Do we need to consider health risks when designing urban spaces? Yes, according to a study.
Making neighbourhoods more walkable can have a positive impact on kids' waist line and BMI (body mass index).
According to the results of the study, urban design is a factor in the development of childhood obesity. The study suggests that infrastructure designed to encourage walking can help reduce childhood obesity.
Pedestrian-friendly amenities, such as pedestrian crossing lights, wider sidewalks, and signs to help pedestrians cross the road, are thought to have a greater impact in high-density neighbourhoods. Such features can also encourage children to ride bicycles, play outside, and engage in similar activities, all of which help them burn off energy.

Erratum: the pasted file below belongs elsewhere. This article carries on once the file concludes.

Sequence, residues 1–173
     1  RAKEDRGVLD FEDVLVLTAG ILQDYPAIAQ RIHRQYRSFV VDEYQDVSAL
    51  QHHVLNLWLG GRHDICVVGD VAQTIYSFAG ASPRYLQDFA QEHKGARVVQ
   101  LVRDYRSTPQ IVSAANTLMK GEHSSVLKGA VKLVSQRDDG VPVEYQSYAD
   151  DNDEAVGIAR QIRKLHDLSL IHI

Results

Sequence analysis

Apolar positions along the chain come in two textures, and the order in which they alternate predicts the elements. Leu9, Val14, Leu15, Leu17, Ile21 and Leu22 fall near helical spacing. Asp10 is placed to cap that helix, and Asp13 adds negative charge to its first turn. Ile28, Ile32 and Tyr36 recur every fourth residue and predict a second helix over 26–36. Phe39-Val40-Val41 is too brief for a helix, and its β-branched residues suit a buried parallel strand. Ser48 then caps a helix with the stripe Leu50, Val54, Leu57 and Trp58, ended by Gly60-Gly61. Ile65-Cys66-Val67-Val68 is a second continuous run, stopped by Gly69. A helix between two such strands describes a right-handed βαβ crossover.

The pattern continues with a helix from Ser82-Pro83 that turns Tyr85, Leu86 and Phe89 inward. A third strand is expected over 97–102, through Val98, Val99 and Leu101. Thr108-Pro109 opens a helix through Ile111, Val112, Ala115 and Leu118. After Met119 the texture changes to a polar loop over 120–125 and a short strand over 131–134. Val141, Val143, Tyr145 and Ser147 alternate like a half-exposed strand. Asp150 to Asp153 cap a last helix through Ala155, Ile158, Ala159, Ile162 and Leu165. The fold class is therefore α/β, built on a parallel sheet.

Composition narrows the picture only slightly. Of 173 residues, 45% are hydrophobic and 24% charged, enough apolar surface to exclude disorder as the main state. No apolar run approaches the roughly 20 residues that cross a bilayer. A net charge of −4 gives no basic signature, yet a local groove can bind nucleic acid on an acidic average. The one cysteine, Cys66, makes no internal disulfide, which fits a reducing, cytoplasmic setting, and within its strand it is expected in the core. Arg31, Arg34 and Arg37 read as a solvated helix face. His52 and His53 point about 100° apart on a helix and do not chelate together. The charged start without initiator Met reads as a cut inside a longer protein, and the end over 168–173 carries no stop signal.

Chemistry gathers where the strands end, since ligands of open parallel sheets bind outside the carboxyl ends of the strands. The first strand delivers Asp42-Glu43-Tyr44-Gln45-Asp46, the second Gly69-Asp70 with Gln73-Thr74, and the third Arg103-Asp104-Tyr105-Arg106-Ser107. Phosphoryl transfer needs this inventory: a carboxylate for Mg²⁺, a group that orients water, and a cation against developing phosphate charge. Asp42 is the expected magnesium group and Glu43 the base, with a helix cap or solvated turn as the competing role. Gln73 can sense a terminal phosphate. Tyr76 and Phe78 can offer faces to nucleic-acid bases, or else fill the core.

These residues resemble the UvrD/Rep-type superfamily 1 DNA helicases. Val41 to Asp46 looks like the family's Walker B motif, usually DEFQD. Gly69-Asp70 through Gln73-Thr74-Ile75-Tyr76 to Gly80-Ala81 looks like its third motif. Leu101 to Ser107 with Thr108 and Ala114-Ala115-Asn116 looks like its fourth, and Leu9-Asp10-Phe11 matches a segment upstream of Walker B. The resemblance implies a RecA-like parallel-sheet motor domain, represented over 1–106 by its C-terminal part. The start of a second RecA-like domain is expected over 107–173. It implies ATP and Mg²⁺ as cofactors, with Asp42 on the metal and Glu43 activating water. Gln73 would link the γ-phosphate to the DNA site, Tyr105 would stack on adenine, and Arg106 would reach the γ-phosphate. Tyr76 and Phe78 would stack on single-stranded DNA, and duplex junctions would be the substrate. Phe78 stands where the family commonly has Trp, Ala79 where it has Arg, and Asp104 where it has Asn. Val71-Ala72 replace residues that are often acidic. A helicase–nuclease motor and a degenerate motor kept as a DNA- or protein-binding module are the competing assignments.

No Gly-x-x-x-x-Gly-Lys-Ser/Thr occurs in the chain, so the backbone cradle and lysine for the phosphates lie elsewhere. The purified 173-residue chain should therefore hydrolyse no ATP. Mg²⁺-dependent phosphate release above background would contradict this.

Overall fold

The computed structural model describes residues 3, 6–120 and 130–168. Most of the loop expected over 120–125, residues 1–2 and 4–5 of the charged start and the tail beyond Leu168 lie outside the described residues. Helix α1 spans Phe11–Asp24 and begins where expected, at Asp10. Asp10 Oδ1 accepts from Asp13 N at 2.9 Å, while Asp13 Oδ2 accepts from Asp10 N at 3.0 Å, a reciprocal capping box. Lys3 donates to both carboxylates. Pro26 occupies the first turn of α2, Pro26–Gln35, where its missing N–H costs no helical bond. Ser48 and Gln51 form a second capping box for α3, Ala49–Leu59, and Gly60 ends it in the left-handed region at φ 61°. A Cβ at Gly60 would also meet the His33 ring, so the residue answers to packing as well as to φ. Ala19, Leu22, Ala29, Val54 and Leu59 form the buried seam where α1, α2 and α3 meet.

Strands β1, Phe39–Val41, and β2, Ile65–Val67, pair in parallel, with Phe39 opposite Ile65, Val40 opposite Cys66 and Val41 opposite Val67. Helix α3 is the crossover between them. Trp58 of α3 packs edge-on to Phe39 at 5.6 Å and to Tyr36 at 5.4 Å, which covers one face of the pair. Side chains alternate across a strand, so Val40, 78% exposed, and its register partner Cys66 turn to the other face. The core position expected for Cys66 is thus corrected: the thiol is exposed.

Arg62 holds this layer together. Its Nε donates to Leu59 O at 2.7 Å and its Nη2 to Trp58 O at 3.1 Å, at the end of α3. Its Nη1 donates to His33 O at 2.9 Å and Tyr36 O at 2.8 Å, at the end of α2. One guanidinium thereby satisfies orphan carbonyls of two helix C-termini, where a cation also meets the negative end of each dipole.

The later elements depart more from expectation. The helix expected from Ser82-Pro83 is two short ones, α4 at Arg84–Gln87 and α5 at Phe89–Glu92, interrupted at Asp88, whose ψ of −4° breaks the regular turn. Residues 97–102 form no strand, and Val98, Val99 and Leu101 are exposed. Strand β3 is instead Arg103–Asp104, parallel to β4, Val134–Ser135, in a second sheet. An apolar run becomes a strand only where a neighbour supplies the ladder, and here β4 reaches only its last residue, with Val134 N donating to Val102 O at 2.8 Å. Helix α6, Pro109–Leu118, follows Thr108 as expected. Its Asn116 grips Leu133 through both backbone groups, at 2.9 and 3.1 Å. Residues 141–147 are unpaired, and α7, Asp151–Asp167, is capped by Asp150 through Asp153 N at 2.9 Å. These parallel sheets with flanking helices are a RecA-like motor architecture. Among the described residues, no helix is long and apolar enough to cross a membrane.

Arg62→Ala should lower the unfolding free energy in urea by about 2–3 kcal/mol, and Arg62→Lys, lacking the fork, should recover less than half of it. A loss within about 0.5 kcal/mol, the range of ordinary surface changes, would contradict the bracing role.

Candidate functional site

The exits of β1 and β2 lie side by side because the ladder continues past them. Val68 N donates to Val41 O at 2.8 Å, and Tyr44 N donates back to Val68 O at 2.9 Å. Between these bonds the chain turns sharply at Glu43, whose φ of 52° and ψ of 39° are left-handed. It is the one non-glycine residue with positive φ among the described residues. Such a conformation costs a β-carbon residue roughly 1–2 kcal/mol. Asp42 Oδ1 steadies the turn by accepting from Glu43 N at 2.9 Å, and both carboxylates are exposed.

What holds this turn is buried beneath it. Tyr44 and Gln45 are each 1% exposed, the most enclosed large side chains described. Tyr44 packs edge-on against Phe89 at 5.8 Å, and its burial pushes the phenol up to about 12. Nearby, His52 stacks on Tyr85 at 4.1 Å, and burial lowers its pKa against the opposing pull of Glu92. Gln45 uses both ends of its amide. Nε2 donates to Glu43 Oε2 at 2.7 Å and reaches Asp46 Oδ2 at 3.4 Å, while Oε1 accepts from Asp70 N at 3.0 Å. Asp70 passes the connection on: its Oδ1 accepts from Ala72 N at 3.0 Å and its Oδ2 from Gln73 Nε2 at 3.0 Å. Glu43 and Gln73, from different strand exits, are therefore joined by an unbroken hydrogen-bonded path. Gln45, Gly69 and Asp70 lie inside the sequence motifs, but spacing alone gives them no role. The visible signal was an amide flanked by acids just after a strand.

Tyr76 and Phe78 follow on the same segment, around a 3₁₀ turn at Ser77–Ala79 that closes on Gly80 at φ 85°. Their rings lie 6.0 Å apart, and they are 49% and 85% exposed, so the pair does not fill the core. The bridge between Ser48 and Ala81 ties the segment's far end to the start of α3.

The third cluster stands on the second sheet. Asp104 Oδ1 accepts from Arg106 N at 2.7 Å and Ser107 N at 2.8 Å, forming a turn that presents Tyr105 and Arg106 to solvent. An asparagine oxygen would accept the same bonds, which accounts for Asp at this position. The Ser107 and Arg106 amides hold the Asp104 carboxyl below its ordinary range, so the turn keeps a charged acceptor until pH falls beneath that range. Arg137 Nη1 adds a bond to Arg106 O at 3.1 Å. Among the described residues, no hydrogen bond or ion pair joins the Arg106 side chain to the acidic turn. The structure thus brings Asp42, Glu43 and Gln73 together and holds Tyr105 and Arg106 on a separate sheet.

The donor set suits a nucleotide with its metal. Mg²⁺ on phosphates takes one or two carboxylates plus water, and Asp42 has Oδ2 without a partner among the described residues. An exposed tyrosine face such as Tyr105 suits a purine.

The study has been published in the journal Preventive Medicine.
(This story has not been edited by Business Standard staff and is auto-generated from a syndicated feed.)